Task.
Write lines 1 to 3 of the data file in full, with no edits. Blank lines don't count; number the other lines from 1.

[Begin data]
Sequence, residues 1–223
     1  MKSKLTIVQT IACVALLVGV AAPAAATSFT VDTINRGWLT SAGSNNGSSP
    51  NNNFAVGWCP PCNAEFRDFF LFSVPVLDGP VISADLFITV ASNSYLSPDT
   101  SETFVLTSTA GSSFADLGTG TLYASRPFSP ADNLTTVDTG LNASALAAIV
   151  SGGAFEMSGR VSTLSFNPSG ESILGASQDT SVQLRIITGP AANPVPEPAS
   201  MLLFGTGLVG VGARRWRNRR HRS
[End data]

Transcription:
Sequence, residues 1–223
     1  MKSKLTIVQT IACVALLVGV AAPAAATSFT VDTINRGWLT SAGSNNGSSP
    51  NNNFAVGWCP PCNAEFRDFF LFSVPVLDGP VISADLFITV ASNSYLSPDT